With the historical narrative in mind, readers of the McConoughey et al (2010) paper may thus initially experience a sense of déjà vu at the return of TGs to the HD stage; however, the authors are actually reshuffling and rewriting the mechanistic basis of TG involvement by implicating transglutaminase 2 (TG2) in transcription dysregulation and defective energy homeostasis in HD pathogenesis.
». . .reshuffling and rewriting the mechanistic basis of TG involvement by implicating transglutaminase 2 (TG2) in transcription dysregulation and defective energy homeostasis in HD pathogenesis«
First, they show that TG2, which cross‐links the mutant huntingtin (htt) protein, and is elevated in HD cortex and striatum (Zainelli et al, 2005), polyaminates the N‐terminal tail of histone 3 (H3). Polyamination of the H3 N‐terminal tail increases its positive charge and its propensity to more tightly interact with negatively charged deoxyribonucleic acid (DNA), and hence participate in facultative heterochromatin formation. Thus, TG2 hyperactivity could dysregulate transcription. In support of this thesis, when the authors chemically inhibited TG2 in ST‐Hdh Q111/Q111 striatal‐like neurons derived from knock‐in HD mice expressing full‐length mutant htt protein, they found that 196 out of 461 dysregulated genes (i.e. 42%) shifted back toward normal levels by at least 25%. Second, using a chromatin immunoprecipitation (ChIP) assay, they showed that in ST‐Hdh Q111/Q111 striatal‐like neurons, TG2 excessively occupies the promoter/enhancer regions of two genes essential for energy production: peroxisome proliferator‐activated receptor‐γ coactivator 1α (PGC‐1α) and cytochrome c. Based upon transcription from a cytochrome c promoter–reporter construct, small interfering RNA against TG2, mouse embryonic fibroblast TG2 knock‐out cell line and a host of other corroborating experiments, the promoter occupation was found to be associated with transcriptional repression of these two genes. The importance of PGC‐1α to HD pathogenesis was established by a set of studies four years ago (Cui et al, 2006; Weydt et al, 2006), and remains an important therapeutic target for this disease. In the current work, McConoughey et al (2010) thus throw another twist into the mechanism of bioenergetics deficiency mediated by transcriptional dysregulation of PGC‐1α and its downstream target cytochrome c by connecting pathologically elevated TG2 cross‐linking activity, epigenetic transcriptional dysregulation of bioenergetics genes and mitochondrial biosynthetic deficiency (Fig 1). Equally remarkable, in the process, they introduce us to a TG2 peptide inhibitor Z‐DON‐Gln‐Ile‐Val‐OMe (ZDON) that could be a promising lead compound for development of central nervous system (CNS) drugs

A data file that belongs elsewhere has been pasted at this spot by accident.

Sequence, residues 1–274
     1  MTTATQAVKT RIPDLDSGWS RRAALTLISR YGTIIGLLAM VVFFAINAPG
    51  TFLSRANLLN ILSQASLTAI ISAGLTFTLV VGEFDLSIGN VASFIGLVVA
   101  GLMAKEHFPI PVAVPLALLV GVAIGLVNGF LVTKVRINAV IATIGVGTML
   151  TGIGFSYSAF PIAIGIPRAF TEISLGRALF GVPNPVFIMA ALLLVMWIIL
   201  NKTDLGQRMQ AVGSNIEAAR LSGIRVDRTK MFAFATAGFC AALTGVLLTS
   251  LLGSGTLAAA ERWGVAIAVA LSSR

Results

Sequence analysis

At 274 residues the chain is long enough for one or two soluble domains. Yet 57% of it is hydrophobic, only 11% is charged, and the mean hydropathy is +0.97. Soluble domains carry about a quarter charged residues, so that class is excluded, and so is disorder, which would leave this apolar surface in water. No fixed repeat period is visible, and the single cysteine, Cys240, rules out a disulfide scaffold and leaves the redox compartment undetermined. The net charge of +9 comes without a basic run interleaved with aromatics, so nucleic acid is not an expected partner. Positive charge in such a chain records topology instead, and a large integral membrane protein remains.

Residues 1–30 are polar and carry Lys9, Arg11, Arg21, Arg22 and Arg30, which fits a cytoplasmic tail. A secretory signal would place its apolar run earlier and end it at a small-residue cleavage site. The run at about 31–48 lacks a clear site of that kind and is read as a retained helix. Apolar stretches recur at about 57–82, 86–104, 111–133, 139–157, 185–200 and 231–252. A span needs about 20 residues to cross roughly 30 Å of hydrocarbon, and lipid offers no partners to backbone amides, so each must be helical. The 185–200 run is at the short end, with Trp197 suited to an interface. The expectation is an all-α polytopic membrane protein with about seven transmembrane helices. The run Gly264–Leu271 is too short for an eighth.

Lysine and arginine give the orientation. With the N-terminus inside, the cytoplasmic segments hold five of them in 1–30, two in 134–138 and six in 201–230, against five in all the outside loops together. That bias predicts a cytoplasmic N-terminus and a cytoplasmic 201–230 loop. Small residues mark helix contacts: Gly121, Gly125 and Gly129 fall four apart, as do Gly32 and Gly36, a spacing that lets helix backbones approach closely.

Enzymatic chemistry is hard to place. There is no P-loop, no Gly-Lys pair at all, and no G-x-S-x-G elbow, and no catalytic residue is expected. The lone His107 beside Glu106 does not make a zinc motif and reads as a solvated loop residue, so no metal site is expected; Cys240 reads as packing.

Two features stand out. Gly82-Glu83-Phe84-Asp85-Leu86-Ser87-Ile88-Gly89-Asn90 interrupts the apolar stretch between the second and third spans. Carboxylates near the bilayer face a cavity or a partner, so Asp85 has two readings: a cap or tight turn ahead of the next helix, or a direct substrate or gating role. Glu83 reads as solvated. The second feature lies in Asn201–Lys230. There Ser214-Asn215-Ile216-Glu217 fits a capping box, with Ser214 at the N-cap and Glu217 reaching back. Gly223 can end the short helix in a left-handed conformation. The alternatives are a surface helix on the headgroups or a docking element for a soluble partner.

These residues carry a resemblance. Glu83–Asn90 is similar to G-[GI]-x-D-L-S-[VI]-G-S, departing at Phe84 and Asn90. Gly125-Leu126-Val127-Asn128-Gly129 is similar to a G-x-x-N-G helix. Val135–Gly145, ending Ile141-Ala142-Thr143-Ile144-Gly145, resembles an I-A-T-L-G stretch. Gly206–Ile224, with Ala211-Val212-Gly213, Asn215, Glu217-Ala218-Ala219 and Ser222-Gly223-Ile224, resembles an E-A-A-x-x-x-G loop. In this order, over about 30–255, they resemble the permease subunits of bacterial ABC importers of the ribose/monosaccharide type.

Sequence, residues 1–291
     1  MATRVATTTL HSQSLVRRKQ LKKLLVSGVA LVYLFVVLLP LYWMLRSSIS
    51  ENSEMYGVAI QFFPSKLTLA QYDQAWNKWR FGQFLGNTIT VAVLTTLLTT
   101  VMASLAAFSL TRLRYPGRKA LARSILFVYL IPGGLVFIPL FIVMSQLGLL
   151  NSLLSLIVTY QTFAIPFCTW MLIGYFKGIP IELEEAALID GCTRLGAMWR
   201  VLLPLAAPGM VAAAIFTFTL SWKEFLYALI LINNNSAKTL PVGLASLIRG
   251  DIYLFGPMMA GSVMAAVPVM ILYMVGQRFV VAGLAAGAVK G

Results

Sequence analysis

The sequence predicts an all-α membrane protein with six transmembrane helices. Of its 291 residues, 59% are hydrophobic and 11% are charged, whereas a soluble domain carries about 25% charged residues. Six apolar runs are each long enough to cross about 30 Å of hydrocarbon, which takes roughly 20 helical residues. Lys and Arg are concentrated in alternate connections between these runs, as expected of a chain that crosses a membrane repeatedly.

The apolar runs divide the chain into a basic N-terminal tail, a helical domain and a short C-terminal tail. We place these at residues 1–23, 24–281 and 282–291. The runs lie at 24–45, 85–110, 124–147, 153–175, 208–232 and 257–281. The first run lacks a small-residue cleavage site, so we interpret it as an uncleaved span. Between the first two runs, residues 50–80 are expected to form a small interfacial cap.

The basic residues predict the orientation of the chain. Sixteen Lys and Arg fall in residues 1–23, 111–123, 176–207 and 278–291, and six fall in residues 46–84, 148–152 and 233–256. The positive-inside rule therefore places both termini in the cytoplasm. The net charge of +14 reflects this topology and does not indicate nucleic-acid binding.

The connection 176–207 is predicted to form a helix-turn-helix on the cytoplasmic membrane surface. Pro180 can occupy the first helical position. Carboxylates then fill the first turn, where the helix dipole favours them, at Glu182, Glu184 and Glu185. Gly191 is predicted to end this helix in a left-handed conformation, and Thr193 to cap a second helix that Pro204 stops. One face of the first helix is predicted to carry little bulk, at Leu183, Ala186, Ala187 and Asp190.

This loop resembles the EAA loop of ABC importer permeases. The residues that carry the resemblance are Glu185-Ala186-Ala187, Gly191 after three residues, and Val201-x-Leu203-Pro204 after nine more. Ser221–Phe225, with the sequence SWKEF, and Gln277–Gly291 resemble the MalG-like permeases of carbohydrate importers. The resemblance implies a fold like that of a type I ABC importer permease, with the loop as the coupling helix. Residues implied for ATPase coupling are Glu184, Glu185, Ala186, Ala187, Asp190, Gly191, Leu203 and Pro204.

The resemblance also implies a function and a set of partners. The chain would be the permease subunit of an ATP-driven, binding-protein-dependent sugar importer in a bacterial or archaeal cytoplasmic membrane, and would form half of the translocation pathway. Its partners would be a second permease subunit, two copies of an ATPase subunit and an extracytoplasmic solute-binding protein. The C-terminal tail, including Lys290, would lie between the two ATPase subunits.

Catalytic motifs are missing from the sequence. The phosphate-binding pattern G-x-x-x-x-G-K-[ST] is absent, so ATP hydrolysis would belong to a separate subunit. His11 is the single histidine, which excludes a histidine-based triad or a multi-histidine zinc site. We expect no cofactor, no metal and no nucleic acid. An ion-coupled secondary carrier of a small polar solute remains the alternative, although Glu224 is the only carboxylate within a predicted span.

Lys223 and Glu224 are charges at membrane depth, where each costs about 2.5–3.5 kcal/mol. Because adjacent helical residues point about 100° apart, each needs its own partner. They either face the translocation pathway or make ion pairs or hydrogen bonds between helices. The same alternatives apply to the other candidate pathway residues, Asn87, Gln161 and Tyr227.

». . .introduce us to a TG2 peptide inhibitor (ZDON) that could be a promising lead compound for development of CNS drugs«
that would reduce the deleterious effects of TG2 hyperactivity in HD. Their findings shed light on the basis of metabolic and bioenergetics abnormalities in HD, reemphasizing the need to direct translational efforts to these questions. Indeed, as the authors point out, future studies aimed at delineating the relative contribution of PGC‐1α vis‐à‐vis TG2 inhibition should occur in parallel to determine how best to strategize therapy development for HD going forward.
The authors' research on Huntington's disease is supported by R01 NS65874 and the CHDI.
The authors declare that they have no conflict of interest.